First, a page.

San Diego mayor says Bridge Shelters contribute to 5% decrease in homeless population

As we've been reporting, the latest homeless population counts over the past two years in many Bay Area cities and counties, included sharp increases. 

By one count, the number of homeless people in San Francisco increased by 17% since 2017. In Santa Clara County the homeless population increased 31% in the same amount of time. And in Alameda County the homeless population rose by 43% over the last two years. 

But in San Diego County, the number of homeless people declined by about 5% since 2017. We sat down with San Diego Mayor Kevin Faulconer, who said some of his policies are similar to those being implemented in Bay Area cities, but that others included a "tougher approach." 

Faulconer, a Republican, said doing things differently than the way they've been done for the last 10 or 15 years, helps set the tone when addressing the issue of homelessness. 

"I've really tried to set that tone in terms of new opportunities, Bridge Shelters that we've been putting up, that I think are making a remarkable difference," Faulconer told KTVU on Wednesday. 

The city has also implemented homeless storage centers, so they're not removing belongings and "debris" off the street. 

"But also working with our police department to ensure that we're getting folks off the street, not just for a day, but really in a shelter and into permanent supportive housing. It's about helping people get off the street, but also saying very clearly that a sidewalk, a tarp, or a river bed is not suitable for a home."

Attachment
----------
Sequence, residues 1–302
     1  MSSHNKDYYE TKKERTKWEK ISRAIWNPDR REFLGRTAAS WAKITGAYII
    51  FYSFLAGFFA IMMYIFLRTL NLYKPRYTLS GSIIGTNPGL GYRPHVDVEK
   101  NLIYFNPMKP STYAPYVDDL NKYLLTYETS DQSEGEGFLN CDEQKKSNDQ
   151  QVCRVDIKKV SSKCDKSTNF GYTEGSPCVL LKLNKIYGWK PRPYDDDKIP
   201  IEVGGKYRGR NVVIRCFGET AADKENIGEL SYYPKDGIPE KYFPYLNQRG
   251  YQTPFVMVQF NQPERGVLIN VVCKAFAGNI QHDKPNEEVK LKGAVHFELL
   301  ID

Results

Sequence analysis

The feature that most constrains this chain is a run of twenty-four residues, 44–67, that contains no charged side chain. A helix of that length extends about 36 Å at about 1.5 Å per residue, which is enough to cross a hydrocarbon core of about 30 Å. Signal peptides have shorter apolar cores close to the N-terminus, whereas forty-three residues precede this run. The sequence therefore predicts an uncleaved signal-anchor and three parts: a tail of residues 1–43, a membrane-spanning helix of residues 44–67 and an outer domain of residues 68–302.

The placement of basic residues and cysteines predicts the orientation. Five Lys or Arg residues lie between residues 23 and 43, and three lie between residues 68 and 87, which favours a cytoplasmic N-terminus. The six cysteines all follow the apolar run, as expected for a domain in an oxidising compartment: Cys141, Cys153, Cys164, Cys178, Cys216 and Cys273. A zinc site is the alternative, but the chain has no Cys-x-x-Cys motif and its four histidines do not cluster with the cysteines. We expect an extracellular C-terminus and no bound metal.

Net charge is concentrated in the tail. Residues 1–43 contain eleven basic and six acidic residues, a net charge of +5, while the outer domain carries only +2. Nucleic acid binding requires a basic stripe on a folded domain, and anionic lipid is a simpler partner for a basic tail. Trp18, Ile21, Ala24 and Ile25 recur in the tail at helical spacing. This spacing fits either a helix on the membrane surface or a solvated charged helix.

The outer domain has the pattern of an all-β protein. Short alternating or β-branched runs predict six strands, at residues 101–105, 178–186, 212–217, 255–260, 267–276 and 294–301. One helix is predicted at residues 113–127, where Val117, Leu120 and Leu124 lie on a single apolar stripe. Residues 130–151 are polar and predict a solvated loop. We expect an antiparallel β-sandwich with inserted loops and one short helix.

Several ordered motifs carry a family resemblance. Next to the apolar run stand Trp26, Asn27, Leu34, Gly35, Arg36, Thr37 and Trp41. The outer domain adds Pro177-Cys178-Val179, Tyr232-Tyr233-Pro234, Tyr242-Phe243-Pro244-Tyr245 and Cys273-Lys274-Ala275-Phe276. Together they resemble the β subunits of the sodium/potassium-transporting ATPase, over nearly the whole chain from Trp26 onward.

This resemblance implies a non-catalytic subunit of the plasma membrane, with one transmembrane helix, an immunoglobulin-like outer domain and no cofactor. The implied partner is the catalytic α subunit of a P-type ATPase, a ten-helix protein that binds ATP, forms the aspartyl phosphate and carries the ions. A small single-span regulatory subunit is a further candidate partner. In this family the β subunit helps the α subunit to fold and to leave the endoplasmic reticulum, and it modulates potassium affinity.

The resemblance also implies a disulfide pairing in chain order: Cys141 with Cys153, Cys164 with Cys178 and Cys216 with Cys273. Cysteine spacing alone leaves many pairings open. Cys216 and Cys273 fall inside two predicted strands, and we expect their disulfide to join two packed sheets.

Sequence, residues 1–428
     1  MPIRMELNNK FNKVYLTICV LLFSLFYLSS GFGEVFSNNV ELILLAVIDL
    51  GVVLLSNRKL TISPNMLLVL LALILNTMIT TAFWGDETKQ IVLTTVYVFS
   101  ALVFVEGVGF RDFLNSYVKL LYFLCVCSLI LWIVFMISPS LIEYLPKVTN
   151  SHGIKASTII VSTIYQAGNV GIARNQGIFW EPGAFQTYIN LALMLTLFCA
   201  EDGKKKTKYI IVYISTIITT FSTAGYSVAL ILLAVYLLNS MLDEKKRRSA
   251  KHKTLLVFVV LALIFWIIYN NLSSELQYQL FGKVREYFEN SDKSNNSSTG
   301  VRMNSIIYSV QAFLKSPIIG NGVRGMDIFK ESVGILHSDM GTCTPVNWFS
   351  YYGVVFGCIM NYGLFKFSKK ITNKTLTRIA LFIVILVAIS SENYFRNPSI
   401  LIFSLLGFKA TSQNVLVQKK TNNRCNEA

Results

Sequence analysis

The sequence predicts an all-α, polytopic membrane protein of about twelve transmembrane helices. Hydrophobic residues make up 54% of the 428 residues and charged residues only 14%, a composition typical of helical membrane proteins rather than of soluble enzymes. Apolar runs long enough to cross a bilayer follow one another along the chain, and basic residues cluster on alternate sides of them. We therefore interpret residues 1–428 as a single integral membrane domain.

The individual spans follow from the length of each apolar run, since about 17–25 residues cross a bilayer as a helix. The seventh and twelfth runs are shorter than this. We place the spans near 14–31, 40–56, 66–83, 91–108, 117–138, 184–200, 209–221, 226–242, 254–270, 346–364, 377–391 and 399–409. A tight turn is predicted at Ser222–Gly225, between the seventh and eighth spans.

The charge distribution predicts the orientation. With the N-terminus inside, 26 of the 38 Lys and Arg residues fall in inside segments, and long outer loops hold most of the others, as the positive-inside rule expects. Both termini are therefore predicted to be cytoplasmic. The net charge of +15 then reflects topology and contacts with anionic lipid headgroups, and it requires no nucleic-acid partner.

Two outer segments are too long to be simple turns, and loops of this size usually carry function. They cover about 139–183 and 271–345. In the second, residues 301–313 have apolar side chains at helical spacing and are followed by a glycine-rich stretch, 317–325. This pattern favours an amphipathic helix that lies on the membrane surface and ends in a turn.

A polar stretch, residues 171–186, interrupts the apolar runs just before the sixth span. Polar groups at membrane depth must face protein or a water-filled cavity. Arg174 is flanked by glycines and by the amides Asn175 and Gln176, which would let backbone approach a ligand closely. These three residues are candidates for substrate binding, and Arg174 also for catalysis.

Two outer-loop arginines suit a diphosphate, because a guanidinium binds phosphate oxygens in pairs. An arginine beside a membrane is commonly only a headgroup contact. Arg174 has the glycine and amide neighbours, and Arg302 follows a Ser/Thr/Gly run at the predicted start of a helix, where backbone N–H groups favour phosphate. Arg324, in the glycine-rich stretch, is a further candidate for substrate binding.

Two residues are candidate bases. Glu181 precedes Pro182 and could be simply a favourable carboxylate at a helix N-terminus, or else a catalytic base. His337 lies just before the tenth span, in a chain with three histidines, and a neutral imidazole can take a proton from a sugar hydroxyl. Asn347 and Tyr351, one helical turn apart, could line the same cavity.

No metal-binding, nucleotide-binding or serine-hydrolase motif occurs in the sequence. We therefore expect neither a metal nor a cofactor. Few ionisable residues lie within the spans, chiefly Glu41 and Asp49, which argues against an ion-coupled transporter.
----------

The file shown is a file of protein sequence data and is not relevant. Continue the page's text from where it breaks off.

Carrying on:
Faulconer said encouraging people to get off the sidewalk takes a direct approach with not only the police department, but also with outreach workers. 

"Our neighborhood policing division is going out there with an offer of help and support first," he said. 

Faulconer admits that they need more beds. "As we've opened up these bridge shelters, [we] now have 750 people in them a night. We're opening a fourth bridge shelter." He calls the bridge shelters a commitment to the neighborhoods. KPBS reports San Diego's Bridge shelters will remain open at least through June 2020. 

In San Francisco, there is a similar concept called Navigation Centers that have been highly contentious within the community.

The program began in 2015 and the city is currently operating six of these centers. The latest is slated to open near San Francisco's Embarcadero, but critics are concerned about safety issues and don't want a homeless shelter in their neighborhood.

City officials have said the centers are monitored 24/7 and that they will step-up police presence at the proposed Embarcadero SAFE Navigation Center. 

"It's not compassionate to let someone sleep in a tent city or sleep on a sidewalk and that's the very clear message that we're saying in San Diego," Faulconer said. 

The mayor said the city's several storage facilities they offer the homeless population are free. 

"If stuff is left unattended for more than three hours, the city is going to take action, to make sure they're placed somewhere, but again with a very strong message that says, you cannot be leaving this at our parks, next to our schools, next to neighborhoods." 

There are critics to the mayor's approach. Some have said this approach is too forceful or too radical. To that, Faulconer said, "Sometimes you have to help people make a change and you have to force that change." 

Recently he was speaking with someone in San Diego who told him, "Thank you for helping get rid of the tents at the freeway underpass down at Imperial", a street in San Diego. The person disclosed to the mayor that he was doing meth and feeling unproductive, but that because the change was forced, he got into a Bridge Shelter and that because he's a veteran, he found out he had benefits he was unaware of.

Now he's in an apartment and getting permanent supportive housing. 

"That's exactly what we want," said Faulconer. "Particularly when it comes to the issues of dually-diagnosed and mental health issues. You have to intervene to make a difference in people's lives and in our streets and neighborhoods."